Continuing with FIG. 1, a lamp 20, which may be any suitable light source including a software-controllable lamp, projects the film image from the microfilm of block 12 into the projection optics and detector block 16 as a desired image projection. The optics typically consist of a magnifying lens, a dove prism for image rotation, and a set of mirrors to project the image, although any suitable optics or combination may be used. The light from the lamp 20 shines through the microfilm image represented by block 12 and the scanner 14 then moves the microfilm image past the light to detect the image coming through the film and generate electronic image data in response thereto.
The electronic image data, or image output signal, is processed by a digital image processing and tone correction means 22. The digital image processing and tone correction means 22 generates an output image which is provided to an output device 24, such as a printer, or a CRT or other soft display. The digital image processing and tone correction means 22 includes an optional histogram circuit 26, a document exposure and contrast estimate 28, and a look up table selection capability 30. The digital image processing and tone correction means 22 may further include an optional windowing means 32 for improving image quality of the output image from the digital image processing and tone correction means 22.
The histogram circuit 26 calculates a histogram of pixel values and generates a statistic based on the histogram. The statistic is capable of being scaled by a total number of image pixels, generating a scaled statistic indicative of central tendency of image transformation. The histogram circuit 26, therefore, totals the occurrences of individual signal levels across each microfilm image from block 12. This function is typically performed at pixel clock rates such that no performance or throughput degradation occurs. Software control of this circuit, if desired, can consist of programming the pixel frequency at which samples are taken for the totals. This is generally derived from the image size, in pixels.
The calculated image statistics are used to select the look up table at block 30. Although the image statistics can be calculated indirectly, based on the histogram circuit 26, the histogram circuit can be eliminated from the system 10 and the image statistics can be calculated directly from the actual number of pixel values as they are acquired. This would be a simpler, alternative design, if the histogram circuit 26 is not required in the system 10 for other purposes. The contrast of the processed image from the digital image processing and tone correction means 22 is not modified directly based on the image statistics. Rather, the contrast is changed indirectly by the selection of the previously designed transformation or look up table 30. In this way, the image processing is scene-specific, but constrained to the set of previously designed look up tables. The image quality of the processed images is, therefore, extremely consistent, particularly for documents recorded on an intermediate medium.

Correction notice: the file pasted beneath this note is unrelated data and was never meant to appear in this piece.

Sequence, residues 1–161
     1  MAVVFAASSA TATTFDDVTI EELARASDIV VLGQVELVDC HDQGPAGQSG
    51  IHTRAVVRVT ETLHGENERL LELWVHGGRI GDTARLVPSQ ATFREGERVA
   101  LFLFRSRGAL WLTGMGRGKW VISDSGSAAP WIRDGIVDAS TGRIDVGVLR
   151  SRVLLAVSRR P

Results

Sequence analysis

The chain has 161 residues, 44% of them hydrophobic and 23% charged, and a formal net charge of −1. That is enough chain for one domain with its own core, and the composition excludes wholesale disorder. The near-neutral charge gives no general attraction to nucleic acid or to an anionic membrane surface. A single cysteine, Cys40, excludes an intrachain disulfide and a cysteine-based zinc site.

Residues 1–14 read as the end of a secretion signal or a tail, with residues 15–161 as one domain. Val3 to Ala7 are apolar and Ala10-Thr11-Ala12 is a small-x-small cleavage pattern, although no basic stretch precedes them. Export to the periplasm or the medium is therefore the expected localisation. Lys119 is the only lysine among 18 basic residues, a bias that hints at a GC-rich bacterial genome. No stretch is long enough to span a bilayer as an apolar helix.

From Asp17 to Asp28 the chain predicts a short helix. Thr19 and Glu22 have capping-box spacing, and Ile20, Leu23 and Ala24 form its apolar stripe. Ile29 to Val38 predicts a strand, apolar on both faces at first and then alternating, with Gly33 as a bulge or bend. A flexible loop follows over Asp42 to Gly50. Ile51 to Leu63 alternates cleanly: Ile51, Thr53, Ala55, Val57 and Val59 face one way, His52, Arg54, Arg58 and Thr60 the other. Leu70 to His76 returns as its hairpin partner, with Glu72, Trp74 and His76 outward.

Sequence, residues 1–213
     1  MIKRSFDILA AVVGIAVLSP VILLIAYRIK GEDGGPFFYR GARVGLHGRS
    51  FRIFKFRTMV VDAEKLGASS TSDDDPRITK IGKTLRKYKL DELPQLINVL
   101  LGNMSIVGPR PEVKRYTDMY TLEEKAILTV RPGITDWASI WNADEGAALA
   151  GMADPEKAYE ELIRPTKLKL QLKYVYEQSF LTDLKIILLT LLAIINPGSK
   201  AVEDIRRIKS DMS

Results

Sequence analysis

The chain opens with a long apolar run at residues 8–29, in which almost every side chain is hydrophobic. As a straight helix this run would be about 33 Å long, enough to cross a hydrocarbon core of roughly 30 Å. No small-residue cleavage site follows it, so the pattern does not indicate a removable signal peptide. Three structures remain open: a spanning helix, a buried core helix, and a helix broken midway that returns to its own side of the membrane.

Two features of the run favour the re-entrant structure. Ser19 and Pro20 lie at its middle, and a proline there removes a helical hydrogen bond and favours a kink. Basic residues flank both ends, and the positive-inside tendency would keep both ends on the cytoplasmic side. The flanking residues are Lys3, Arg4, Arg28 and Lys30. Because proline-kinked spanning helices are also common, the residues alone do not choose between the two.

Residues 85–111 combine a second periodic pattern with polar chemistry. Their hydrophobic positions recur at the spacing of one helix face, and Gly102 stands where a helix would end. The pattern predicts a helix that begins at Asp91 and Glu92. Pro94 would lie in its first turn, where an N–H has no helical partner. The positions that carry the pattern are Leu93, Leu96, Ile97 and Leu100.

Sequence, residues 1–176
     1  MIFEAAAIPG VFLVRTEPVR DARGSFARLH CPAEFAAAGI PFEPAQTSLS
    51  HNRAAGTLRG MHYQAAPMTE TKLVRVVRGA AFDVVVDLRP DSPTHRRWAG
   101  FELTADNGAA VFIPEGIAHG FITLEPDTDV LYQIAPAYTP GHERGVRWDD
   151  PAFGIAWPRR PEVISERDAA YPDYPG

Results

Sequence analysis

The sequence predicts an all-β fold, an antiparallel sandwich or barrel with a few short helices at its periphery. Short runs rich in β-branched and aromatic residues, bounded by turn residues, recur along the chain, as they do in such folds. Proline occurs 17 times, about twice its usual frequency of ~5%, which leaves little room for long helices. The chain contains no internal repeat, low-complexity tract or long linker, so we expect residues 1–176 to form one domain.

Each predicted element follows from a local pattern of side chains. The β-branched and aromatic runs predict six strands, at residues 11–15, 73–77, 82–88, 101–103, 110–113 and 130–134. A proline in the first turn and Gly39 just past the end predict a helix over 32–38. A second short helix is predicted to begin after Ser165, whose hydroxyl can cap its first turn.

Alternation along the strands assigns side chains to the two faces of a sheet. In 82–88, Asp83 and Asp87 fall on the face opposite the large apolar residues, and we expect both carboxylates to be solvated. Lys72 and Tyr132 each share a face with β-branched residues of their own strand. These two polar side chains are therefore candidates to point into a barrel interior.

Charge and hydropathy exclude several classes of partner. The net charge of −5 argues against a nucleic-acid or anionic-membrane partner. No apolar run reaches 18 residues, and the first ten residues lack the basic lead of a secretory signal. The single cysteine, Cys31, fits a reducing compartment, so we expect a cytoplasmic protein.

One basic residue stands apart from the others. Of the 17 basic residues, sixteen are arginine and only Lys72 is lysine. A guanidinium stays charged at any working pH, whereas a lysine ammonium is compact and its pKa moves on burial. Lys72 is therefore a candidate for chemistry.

The windowing means 32 can be included in the system 10 to mask off unwanted pixel data, or to crop the electronic image data. It can be programmed manually, through user intervention, or automatically from an external document detection circuit. The windowing means 32 may provide an advantage in that it can mask data going to the histogram circuit 26, thereby making the data more representative of the important area of the document or microfilm image from block 12. The windowing means 32 can also improve the image quality of a printed image by masking surrounding areas, outside of the important area.
The important areas of the microfilm image from block 12 are identified by the document exposure and contrast estimate 28. The document exposure and contrast estimate 28 is an estimate of the contrast and exposure of the microfilm image from block 12 and identifies important image information in the image output signal from the scanner 14. The image scanner system 10 is then adjusted, based on the interpretation of the image output signal by the document exposure and contrast estimate 28. The important information identified by the document exposure and contrast estimate 28 is used to select the look up table 30, which can enhance the useful or important information and suppress the less important information, resulting in improved image quality.
The look up table 30 then performs a pixel-by-pixel transformation. The choice of table transformation can be constrained to one of a set of previously determined transformations, which are chosen after consideration of the microfilm polarity, exposure and processing, microfilm image contrast, and output device 24 imaging characteristics. As the image data is acquired from the scanner 14, the histogram circuit 26 calculates the histogram of pixel values. A statistic, s, is then calculated from the histogram, s=Φ(pk). Any general function of the probability density function may be used, such as, for example, a simple function given in Equation (1) as,
where the summation is from n to m, and m and n are the predetermined limits of signal values over which s is to be calculated. Also, in Equation (1), a and b are values chosen to facilitate the look up table selection, as described below.
The statistic s is now scaled by the total number of image pixels, Ntotal, that were included in the summation of Equation (1), to calculate a scaled pixel value, ssc, where
ssc =s/Ntotal. (2)
If a=0 and b=1 in Equation (1), then,
ssc =Σ(pk)/Ntotal, (3)
where the summation is again from n to m. Equation (2), then, is the average pixel value calculated for those pixels with values between n and m. If n=0, and m is the maximum pixel value, then ssc becomes the average pixel value. Hence, the scaled statistic ssc can be seen as one indicator of the central tendency of image information. This is then used to select the look up table 30 from the previously determined set. This can be done if each table can be identified by location over the range of pixel values. For document images, this can be done by identifying each table by, for example, its intercept, or its input value corresponding to a specified output value. The chosen look up table 30 is then used as a tone reproduction function for the scanned image data the resulting processed image is now in enhanced form for subsequent output, such as printing, CRT display, or other storage, by the output device 24.